[20].

TG-DTA analysis for the generated particles of pure silica and pure ZnO is shown in Fig. 6 . The analysis was performed under air atmospheric conditions within a temperature range of from 25 to 600 C. The water content of the generated particles was

600 C. The water content of the generated particles was Fig. 3. SEM image of the

Fig. 3. SEM image of the generated particles from a precursor of (a) pure colloidal zinc oxide, (b) 75 mol% zinc oxide, (c) 50 mol% zinc oxide, (d) 25 mol% zinc oxi de, and (e) pure colloidal silica.

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al. / Chemical Engineering Journal 254 (2014) 252–258 255 Fig. 4. Elemental mapping of Si, Zn,

Fig. 4. Elemental mapping of Si, Zn, and O of ZnO/SiO 2 nanocomposite (25 mol% zinc oxide).

and O of ZnO/SiO 2 nanocomposite (25 mol% zinc oxide). Fig. 5. Particle size distribution of

Fig. 5. Particle size distribution of the generated particles from a precursor of (a) pure colloidal zinc oxide, (b) 75 mol% zinc oxide, (c) 50 mol% zinc oxide, (d) 25 mol% zinc oxide, and (e) pure colloidal silica.

examined based on decreases in sample weight at temperatures from 25 to 100 C. The weight of pure silica and pure ZnO samples at 100 C were 99.93% and 99.71% of the original amount, respec- tively. By assuming water evaporates completely at 100 C, the water content of the pure silica and pure ZnO samples were only 0.07% and 0.29%. At 600 C, the weight loss for pure silica and pure ZnO samples was only 2.43% and 5.45%, respectively. In addition, no exothermic or endothermic peaks in the heat flow curve indi- cated that no reaction or phase transformation had occurred. Nanocomposite particles were not analyzed by assuming the water content was in the range of pure silica and pure ZnO samples. Fig. 7 shows the XRD patterns of the generated particles for var- ious zinc oxide–silica compositions. For particles of 25, 50, 75, and 100 mol% ZnO, the ZnO structure could be characterized as hexag- onal wurtzite (JCPDS 36-1451). On the other hand, the diffraction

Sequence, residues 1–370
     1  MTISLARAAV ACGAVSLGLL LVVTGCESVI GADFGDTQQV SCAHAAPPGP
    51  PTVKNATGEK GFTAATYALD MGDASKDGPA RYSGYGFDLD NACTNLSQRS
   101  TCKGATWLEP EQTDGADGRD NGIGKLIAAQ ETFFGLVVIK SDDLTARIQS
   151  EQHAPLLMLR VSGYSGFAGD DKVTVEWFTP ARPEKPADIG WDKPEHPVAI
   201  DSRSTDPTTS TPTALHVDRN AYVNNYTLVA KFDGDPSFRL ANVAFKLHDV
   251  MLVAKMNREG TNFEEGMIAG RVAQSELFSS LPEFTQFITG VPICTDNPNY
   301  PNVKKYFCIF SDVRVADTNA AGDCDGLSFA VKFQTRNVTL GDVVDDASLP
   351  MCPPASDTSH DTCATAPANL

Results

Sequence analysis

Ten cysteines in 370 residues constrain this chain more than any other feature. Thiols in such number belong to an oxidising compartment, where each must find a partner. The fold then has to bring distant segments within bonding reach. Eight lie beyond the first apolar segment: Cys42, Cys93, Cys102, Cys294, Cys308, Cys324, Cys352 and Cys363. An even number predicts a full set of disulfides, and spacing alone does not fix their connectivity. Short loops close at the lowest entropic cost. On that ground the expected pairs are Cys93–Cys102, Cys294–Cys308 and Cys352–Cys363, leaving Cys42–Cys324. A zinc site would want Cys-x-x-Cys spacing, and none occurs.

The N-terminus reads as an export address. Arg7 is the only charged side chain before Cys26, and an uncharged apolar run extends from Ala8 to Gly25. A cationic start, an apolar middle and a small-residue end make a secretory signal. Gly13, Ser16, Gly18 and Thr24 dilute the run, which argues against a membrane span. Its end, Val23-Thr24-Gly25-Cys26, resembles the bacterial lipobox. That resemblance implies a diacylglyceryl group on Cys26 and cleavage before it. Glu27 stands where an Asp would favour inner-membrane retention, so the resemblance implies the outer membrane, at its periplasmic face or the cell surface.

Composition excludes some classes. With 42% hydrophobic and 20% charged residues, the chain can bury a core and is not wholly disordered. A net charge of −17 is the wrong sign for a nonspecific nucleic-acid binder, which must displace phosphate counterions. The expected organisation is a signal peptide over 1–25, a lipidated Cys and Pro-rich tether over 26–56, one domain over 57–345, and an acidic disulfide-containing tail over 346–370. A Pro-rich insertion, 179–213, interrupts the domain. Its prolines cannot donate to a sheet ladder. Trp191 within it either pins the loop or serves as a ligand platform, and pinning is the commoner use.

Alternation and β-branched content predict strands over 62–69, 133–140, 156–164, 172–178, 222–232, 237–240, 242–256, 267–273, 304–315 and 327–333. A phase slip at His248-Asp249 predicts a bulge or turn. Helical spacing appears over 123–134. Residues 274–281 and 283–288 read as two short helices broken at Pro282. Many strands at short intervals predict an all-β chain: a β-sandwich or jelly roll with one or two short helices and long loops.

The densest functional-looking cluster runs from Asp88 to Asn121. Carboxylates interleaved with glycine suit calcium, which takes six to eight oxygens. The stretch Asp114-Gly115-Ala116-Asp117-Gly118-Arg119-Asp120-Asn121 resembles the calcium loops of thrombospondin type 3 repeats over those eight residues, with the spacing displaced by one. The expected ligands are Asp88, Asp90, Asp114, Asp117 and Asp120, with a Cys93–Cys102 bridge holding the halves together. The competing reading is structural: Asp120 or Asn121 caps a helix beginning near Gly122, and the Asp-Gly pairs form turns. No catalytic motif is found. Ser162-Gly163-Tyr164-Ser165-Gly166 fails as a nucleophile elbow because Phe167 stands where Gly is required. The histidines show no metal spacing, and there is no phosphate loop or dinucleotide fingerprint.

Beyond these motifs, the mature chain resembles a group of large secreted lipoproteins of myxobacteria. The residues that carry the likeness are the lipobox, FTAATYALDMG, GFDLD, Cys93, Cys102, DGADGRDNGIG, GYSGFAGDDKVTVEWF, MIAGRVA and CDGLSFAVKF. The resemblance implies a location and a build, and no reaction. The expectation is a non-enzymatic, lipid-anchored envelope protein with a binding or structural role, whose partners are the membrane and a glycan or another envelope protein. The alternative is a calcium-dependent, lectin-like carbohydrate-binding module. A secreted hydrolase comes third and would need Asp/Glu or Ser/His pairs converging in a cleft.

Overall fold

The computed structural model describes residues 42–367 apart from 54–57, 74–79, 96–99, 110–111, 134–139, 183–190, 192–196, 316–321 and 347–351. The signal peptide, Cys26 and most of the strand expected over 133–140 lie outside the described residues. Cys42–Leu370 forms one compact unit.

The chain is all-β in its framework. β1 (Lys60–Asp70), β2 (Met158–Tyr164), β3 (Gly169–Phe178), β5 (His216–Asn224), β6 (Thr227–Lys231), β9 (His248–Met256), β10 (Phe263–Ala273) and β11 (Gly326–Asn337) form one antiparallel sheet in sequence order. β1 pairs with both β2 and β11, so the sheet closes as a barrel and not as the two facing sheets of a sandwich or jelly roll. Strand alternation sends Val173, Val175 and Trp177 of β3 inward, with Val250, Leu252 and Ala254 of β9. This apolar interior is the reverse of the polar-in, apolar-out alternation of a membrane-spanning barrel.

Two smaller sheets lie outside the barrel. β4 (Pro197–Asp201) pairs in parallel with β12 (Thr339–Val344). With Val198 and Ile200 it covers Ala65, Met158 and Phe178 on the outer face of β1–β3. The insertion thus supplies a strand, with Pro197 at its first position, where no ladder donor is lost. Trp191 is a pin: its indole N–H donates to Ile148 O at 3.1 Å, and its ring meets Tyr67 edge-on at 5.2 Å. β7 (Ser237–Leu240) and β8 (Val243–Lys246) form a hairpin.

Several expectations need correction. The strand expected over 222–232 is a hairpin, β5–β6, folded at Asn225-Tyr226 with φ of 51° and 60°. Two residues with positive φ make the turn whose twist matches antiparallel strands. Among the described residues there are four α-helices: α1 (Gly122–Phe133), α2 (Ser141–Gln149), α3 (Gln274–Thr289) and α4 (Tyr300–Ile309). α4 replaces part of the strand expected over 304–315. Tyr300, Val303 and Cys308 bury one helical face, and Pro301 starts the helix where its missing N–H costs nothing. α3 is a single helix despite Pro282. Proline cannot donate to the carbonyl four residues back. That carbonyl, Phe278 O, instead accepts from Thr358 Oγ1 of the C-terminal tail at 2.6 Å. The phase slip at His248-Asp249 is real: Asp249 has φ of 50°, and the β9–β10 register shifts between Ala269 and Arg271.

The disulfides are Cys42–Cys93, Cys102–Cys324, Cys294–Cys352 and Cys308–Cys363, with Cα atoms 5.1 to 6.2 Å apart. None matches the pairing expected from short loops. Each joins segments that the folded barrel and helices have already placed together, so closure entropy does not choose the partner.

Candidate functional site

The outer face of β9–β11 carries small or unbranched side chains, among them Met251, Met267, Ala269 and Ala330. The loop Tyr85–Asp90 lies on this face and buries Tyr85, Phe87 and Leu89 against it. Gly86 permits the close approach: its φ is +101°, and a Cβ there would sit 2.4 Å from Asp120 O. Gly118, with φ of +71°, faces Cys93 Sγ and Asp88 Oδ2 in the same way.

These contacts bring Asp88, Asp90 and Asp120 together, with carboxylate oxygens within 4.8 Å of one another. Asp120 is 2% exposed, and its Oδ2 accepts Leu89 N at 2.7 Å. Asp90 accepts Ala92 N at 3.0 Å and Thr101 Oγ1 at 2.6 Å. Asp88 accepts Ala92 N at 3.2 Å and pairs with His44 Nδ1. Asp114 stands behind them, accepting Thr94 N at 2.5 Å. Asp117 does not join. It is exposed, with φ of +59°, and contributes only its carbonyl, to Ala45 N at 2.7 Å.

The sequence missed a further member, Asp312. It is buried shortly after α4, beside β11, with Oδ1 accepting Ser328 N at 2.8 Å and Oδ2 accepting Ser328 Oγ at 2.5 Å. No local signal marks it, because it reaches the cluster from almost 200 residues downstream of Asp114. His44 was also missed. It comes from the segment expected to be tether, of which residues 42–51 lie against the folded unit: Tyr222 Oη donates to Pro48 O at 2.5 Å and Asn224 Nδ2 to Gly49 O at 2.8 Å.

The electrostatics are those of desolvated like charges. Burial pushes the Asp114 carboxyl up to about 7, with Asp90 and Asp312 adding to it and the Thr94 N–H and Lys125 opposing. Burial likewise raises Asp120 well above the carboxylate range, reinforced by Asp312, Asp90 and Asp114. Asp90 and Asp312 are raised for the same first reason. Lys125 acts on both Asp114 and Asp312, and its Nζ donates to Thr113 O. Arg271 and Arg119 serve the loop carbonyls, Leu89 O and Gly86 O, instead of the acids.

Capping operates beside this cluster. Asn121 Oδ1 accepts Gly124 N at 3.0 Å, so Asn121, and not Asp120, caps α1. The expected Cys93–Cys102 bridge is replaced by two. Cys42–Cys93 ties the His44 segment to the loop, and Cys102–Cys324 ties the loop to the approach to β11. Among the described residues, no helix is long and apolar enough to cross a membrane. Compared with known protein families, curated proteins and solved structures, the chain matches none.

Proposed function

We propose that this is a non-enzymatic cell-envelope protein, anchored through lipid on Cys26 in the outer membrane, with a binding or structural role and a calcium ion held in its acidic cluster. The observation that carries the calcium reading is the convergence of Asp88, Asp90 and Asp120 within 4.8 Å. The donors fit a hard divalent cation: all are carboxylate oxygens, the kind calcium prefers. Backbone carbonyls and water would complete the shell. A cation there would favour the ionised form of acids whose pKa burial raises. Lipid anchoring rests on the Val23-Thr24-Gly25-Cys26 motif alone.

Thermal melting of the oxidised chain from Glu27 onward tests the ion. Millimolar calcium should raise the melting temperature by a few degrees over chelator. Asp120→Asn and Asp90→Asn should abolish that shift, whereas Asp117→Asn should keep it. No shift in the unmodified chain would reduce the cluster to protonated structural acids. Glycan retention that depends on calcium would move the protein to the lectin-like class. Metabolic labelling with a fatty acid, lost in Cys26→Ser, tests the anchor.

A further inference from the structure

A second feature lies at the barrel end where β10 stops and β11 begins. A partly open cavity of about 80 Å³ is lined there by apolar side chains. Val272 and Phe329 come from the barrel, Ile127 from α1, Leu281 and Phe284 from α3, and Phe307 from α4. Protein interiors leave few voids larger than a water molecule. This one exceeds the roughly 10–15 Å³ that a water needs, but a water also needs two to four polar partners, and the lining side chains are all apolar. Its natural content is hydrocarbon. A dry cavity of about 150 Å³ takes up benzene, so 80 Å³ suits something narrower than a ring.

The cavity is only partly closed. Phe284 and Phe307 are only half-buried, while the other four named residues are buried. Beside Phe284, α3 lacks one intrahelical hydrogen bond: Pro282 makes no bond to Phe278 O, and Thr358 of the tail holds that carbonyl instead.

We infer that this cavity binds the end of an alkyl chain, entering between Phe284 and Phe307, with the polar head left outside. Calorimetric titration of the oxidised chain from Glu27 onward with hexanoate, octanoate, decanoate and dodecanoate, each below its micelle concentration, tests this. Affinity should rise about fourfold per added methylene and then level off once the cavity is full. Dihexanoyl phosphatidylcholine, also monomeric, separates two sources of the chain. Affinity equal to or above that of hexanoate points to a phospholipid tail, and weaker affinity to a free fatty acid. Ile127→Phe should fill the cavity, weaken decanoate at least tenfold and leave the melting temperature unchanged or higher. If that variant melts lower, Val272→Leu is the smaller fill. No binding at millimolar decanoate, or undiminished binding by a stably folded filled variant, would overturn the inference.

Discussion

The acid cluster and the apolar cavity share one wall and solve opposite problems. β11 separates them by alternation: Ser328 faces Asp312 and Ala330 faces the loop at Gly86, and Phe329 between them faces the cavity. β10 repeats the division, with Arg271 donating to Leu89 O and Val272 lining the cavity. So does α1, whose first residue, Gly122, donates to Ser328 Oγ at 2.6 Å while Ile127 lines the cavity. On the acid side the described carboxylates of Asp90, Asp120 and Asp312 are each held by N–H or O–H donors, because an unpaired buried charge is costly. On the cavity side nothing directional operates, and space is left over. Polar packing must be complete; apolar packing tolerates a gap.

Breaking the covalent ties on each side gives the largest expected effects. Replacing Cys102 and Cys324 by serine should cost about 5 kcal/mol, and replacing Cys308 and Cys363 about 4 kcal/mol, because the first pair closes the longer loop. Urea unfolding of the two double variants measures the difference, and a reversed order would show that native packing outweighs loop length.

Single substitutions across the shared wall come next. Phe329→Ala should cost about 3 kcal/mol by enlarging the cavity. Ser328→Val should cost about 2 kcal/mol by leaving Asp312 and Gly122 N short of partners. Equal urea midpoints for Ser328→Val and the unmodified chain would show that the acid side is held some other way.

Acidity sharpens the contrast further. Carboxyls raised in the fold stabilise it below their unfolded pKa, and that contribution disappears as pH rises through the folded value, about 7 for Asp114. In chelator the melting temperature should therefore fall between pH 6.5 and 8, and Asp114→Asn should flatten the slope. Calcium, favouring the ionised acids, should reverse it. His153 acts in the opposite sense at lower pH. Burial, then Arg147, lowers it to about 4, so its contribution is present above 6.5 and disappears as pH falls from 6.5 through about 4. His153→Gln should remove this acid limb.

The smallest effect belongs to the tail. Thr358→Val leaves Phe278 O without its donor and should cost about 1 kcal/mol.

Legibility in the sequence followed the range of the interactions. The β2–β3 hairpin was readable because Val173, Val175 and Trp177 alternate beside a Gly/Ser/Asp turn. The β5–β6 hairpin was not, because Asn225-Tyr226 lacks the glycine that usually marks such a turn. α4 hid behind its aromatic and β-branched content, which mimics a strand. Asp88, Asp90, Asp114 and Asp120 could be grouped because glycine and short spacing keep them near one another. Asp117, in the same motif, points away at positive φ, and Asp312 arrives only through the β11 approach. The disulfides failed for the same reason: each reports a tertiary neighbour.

peak of silica at around 2 h = 22 can be assigned to the silica in an amorphous phase. The XRD pattern shows the characteristic peaks of silica as an amorphous material between 2 h = 20 and 40 . The intensity was decreased by the addition of silica concentra- tion, as shown in Table 1 . The crystalline size that was calculated based on the Scherer number used a half-width of the highest peak in the XRD pattern—the [10 1] peak at 2 h = 36.253 . The crystalline size was decreased by adding colloidal silica in the precursor, which was caused by a decrease in the final zinc precursor concen- tration after adding an amount of colloidal silica, as shown in Table 1 . Fig. 8 shows the FTIR pattern of the samples, which illustrates the type of chemical bonding by pure zinc oxide, pure silica, and the composites of zinc oxide–silica. For pure zinc oxide and 25–75% ZnO samples, infrared absorption reduction peaks were